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Archived: Durranhill Good

Inspection Summary

Overall summary & rating


Updated 15 August 2018

This was an unannounced inspection that took place on 13 June 2018. We previously inspected this service in March 2017 and found the following breach of the Health and Social Care Act; Regulation 18 Staffing. We rated the service as 'Requires Improvement'. Following the last inspection, we met with the provider and asked them to complete an action plan to show what they would do, and by when, to improve the service.

Durranhill is a period property set in large grounds to the east of Carlisle city centre.

Durranhill is a 'care home'. People in care homes receive accommodation and nursing or personal care as single package under one contractual agreement. CQC regulates both the premises and the care provided, and both were looked at during this inspection.

The home had a suitably qualified and experienced temporary manager in place. At the time of our inspection they were not the manager. A registered manager is a person who has registered with the Care Quality Commission to manage the service. Like registered providers, they are 'registered persons'. Registered persons have legal responsibility for meeting the requirements in the Health and Social Care Act 2008 and associated Regulations about how the service is run.

The staff team understood how to protect vulnerable adults from harm and abuse. Staff had received suitable training and could talk to us about how they would identify any issues and how they would report them appropriately. Risk assessments and risk management plans supported people well. Arrangements were in place to ensure that new members of staff had been suitably checked before commencing employment. Any accidents or incidents had been reported to the Care Quality Commission and suitable action taken to lessen the risk of further issues.

The manager had ensured that there were now sufficient staff to support people. Staff were suitably inducted, trained and developed to give the best support possible. We met experienced and confident team members who understood people's needs as well as new staff who were keen to learn.

Medicines were appropriately managed in the service with people having reviews of their medicines on a regular basis. People in the home saw their GP and health specialists whenever necessary.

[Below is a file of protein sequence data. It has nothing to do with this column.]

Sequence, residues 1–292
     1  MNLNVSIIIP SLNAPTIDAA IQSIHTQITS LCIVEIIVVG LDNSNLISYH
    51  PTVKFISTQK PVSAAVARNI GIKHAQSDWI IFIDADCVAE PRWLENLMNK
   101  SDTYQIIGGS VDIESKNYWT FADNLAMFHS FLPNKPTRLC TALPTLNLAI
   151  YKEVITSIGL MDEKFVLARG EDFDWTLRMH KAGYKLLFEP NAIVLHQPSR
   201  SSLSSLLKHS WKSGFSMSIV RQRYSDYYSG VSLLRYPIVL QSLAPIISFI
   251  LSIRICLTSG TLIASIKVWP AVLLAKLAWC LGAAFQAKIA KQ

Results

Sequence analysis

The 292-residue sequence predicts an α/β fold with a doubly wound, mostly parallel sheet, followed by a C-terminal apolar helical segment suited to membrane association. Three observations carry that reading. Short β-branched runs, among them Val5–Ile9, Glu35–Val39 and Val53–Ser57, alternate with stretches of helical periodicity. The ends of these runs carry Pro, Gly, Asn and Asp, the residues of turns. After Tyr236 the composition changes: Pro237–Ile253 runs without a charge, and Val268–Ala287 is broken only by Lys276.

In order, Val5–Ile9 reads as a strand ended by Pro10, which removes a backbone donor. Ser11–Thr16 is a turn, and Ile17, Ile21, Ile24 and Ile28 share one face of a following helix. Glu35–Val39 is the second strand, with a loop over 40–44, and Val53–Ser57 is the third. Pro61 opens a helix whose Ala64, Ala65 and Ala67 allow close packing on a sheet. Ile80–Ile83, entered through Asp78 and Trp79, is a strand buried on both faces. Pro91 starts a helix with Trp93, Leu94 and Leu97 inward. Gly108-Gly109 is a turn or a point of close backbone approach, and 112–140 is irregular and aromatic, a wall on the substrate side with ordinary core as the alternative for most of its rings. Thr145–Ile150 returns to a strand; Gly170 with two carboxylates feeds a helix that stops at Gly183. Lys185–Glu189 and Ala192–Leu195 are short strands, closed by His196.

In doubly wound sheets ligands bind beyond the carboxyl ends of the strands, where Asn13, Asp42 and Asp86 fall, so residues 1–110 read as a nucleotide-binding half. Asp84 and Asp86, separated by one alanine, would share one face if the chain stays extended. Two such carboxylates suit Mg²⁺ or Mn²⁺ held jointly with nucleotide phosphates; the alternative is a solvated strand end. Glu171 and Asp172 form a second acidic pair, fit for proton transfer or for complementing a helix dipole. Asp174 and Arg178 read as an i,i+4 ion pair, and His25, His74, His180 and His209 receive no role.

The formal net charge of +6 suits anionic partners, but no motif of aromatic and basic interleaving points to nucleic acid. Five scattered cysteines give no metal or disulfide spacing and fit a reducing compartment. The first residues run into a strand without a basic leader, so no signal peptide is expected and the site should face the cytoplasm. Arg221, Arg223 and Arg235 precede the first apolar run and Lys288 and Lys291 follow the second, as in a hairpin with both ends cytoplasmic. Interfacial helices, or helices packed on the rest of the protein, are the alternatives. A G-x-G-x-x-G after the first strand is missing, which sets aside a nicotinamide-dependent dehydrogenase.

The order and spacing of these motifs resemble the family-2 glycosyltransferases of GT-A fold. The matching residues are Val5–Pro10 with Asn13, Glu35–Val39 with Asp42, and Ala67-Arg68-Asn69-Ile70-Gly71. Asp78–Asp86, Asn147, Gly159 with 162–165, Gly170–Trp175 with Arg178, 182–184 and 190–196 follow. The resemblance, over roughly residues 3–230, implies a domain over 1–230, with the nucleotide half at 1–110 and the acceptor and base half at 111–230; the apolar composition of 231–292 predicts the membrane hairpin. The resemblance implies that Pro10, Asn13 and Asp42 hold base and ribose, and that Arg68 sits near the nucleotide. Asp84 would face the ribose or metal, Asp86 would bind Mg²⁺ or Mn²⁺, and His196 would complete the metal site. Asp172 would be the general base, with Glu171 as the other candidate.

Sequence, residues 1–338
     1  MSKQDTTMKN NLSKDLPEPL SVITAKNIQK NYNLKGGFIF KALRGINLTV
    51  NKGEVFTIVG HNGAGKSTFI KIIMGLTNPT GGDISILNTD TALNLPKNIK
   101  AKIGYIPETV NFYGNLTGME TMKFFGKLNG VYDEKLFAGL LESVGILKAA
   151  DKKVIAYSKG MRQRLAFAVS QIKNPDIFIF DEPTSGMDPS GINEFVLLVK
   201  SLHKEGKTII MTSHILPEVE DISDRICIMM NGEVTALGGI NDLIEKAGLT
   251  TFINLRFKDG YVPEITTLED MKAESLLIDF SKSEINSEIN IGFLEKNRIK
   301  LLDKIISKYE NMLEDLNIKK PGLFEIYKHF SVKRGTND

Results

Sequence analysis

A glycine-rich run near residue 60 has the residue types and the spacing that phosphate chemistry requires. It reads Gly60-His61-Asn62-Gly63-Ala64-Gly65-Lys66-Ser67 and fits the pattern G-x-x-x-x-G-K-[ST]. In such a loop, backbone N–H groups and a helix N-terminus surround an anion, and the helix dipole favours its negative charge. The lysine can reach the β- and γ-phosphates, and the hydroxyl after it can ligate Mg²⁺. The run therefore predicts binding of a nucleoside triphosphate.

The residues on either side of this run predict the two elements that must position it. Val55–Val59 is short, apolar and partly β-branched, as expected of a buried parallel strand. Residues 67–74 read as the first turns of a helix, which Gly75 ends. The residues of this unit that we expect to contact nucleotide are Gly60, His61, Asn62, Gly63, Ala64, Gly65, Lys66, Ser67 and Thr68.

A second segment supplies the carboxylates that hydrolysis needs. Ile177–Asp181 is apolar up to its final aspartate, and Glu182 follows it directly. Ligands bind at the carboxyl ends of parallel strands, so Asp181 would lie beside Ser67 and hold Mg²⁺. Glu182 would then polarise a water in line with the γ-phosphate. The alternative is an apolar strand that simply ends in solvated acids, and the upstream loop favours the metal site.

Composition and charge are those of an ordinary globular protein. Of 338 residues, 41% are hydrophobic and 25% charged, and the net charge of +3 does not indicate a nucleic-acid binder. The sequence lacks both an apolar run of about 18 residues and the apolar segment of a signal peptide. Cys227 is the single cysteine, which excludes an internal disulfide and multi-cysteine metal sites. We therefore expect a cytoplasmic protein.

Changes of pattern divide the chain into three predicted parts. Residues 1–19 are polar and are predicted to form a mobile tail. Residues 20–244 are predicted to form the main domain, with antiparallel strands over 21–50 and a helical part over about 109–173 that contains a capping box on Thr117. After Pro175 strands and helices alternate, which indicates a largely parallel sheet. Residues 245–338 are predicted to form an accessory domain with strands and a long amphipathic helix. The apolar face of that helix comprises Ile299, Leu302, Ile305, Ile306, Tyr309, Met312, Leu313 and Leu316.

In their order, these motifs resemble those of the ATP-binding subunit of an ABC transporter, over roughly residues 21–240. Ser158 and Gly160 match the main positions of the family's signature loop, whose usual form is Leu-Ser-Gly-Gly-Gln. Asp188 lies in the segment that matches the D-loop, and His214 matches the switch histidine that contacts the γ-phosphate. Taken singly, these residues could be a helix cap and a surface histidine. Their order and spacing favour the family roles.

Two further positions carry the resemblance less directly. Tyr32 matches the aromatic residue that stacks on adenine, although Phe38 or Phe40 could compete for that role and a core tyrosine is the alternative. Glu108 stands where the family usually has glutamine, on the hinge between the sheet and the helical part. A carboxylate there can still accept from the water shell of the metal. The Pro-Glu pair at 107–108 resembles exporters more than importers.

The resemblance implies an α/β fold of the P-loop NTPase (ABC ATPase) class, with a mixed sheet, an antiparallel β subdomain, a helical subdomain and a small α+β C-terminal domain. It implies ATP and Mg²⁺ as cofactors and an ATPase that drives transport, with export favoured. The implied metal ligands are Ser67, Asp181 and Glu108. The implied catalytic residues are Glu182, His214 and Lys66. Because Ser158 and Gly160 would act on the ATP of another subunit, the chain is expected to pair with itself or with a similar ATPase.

Good assessment of need was in place and the staff team analysed the outcomes of care for effectiveness. We saw people enjoying the food they had cooked with staff support.

The home required refurbishment, the provider was working closely with their landlord to improve this and agreed to refurbish the home within 12 months.

The staff team were aware of their responsibilities under the Mental Capacity Act 2005. People were supported to have maximum choice and control of their lives and staff supported them in the least restrictive way possible; the policies and systems in the service supported this practice.

We observed kind, patient and suitable support being provided by staff who knew people well. They made sure that confidentiality, privacy and dignity were maintained. People were encouraged to maintain and develop their independence and encouraged people to follow their own interests and hobbies as part of their rehabilitation. No one was receiving end of life care when we visited but there were plans in place and training available should the need arise.

Support plans provided detailed and relevant guidance for staff in the home. People in the service were involved in the writing of support plans and were able to influence the content. The management team had ensured the plans reflected the person centred care that was being delivered.

The manager demonstrated good vision and values. Staff were able to discuss good practice, issues around equality and diversity and people's rights. The service had a comprehensive quality monitoring system in place which was used to support future planning.

Inspection areas



Updated 15 August 2018

The service was safe.

There were sufficient staff available to meet people's needs.

Staff were knowledgeable about abuse and knew how to report it in order to keep people safe.

Medicines were managed appropriately.



Updated 15 August 2018

The service was effective.

People's needs were being thoroughly assessed.

The staff were well-trained, competent and confident in their approach.

People's nutrition and hydration needs were being met.



Updated 15 August 2018

The service was caring.

People were able to access advocacy services if they wished.

Staff treated people with dignity, respect and kindness.

People were supported to live independent lives.



Updated 15 August 2018

The service was responsive.

People's support plans reflected their assessed needs.

People engaged in meaningful one-to-one activities.

There was a complaints policy and procedure in place.


Requires improvement

Updated 15 August 2018

The service was well-led.

The manager had a clear vision for the future of the service.

People were consulted about the way the service was run.

The quality assurance system helped support continuous improvement in the service.